Travelling to Newcastle

Every season, hundreds of Americans travel to Newcastle to watch the lads in action. Below is our guide to helping you get there, what to do when you are in Newcastle and everything you need to know about getting tickets, tours and more! If you have any questions, please don’t hesitate to contact us.

Getting to Newcastle Upon Tyne

airplaneUnless you want to spend two weeks on a boat or you’re a really good swimmer then the only way to get to England is by air.

Flights from the West Coast take approximately 11 hours and about 5 hours from the East Coast. There are currently no direct flights to Newcastle Upon Tyne. Remember you need a valid passport to enter the UK but not a VISA – unless you plan on an extended stay (just ask Gooch).

There are several ways of getting to Newcastle, here are a few of the more popular routes:

Fly from the US directly to London

Most airlines fly from major US cities to London Heathrow Airport. Cheapest flights can be found on websites such as SideStep or Expedia.

Once at London, the quickest and less hectic way to get to Newcastle is by taking a British Airways flight from Heathrow directly to Newcastle. This takes about 45 minutes and can be cheap if booked in advance.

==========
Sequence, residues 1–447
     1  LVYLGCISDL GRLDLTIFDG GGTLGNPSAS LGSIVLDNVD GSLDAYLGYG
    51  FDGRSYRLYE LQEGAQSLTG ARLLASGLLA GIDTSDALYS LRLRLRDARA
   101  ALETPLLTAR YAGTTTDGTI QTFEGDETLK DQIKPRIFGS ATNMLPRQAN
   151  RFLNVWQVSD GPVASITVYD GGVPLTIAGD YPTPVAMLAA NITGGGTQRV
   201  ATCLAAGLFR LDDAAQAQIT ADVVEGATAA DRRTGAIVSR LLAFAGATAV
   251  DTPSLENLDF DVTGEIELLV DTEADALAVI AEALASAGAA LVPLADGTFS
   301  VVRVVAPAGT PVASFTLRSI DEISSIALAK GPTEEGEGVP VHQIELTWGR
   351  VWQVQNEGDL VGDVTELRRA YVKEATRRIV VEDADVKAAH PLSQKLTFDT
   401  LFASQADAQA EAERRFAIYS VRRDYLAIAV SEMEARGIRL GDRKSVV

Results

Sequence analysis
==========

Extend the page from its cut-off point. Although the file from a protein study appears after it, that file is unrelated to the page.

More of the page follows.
Alternatively, you can travel by bus from Heathrow to Newcastle with National Express. Although it is cheap, it can take 9 hours + to get to Newcastle and sitting on a bus for 9 hours aint fun.

Finally, if you want to see a bit of England on the way up, there are GNER trains from London Kings Cross to Newcastle. Kings Cross is about an hour away from Heathrow and can be accessed via the London Underground. However the underground can be a little unreliable at times in terms of service.

Fly via another European city

Although there aren’t any direct flights from the US to Newcastle, it can be cost effective and sometimes less hassle than going through London to stop-over in a European city and THEN get a flight to Newcastle Airport. Here are a few common routes:

US to Newcastle via Amsterdam (Netherlands) with KLM
US to Newcastle via Paris (France) with Air France
US to Newcastle via Dublin (Ireland) with Air Lingus

Always be careful about the possibility of missing your connecting flight and then being stuck in a foreign country, although not many of our members would grumble about a day out in Amsterdam…

Don’t worry about not being able to speak the native language in the above countries. All of the airports have information listed in English and there are often representatives there who are fluent in English.

Where to Stay, What to Do